The fabrication of the steel beam must include:

  • 5/8 inch Nelson studs to attach 2×6 nailers on the top and bottom;
  • a hole in the top and bottom flange to connect the beam to a 5/8-inch anchor bolt that is embedded in the concrete wall;
  • a Simpson GLT welded to the north end of the steel beam to connect it to the 7.00 x 11.25 Paralam flush beam;
  • two sets of 5/16 inch stiffeners welded in the locations where there are vertical loads (i.e., over the concrete wall and over the steel column);
  • four sets of plates welded to the flanges of the steel beam to connect to the 4×6 and 6×6 posts that support the upper-level flat roof; and
  • four bolts connecting the steel beam to the HSS 4×4 steel column in the Kitchen.

The steel beam must be the correct length and each of the components noted above must be in the correct locations.  Yeah, there is a lot going on with this steel beam.

Hosting Thien Doan’s Site Visit

Duquette Engineering designed the concrete foundation for the structure and Thien Doan did most of the work under Steve Duquette’s supervision.  Thien was at our project site numerous times observing the drilling of the holes for our concrete piers as well as the placement of the reinforcing steel (rebar) in the concrete slabs.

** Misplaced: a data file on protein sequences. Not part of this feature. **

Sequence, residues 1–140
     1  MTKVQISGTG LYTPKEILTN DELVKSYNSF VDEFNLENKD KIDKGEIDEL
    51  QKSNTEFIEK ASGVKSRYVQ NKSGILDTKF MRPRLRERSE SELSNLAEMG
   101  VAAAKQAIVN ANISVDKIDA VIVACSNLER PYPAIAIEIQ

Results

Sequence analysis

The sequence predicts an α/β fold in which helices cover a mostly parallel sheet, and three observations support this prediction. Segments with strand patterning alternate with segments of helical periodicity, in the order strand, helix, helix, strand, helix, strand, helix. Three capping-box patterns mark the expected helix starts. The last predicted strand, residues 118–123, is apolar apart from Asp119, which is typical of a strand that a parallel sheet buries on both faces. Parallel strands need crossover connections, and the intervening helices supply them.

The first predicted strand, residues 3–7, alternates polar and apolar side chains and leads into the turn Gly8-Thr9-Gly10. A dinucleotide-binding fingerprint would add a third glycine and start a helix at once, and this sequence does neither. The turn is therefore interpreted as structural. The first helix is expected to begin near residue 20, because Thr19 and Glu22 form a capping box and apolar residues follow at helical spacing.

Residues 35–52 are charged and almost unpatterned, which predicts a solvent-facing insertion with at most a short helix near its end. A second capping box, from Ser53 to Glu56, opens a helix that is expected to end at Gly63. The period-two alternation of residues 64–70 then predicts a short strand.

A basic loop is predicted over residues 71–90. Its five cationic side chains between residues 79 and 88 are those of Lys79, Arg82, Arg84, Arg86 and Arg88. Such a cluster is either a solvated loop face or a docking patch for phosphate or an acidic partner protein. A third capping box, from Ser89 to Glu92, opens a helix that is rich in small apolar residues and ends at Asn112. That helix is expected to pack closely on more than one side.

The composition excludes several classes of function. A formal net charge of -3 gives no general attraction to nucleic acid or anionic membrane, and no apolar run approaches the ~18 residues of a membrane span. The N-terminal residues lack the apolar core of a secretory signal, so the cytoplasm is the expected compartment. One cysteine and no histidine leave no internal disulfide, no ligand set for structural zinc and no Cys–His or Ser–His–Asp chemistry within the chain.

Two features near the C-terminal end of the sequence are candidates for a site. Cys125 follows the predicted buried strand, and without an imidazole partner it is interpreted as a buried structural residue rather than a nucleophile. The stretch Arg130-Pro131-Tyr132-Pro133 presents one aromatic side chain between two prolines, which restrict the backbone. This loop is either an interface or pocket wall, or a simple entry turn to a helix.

When Steve Duquette attended our integrated project planning meeting on March 9, 2010, he said that he would like Thien to come by at this interim point in the project and take some pictures.

Thien came to the site today and walked the property with Bryan.  Thien was most interested in the SIPs and how the SIP wall and roof assembly was designed to transfer the shear forces to the concrete foundation walls.  Thien appeared impressed with the design and the construction, noting that there would probably be limited cracking of the sheet rock in the house during an 8.8 earthquake.

Reviewing the Shop Drawings for the Steel Beam with Larson Steel

Bryan drove to Larson Steel’s fabrication shop in Gilroy and met with William Zapeda to go over the measurements they took on Friday, March 19, prior to fabrication of the W8x18 steel beam.  They went over each of the measurements, noting one key area where Bryan needs to confirm with the lead framer from Earth Bound Homes, Francisco Espinoz.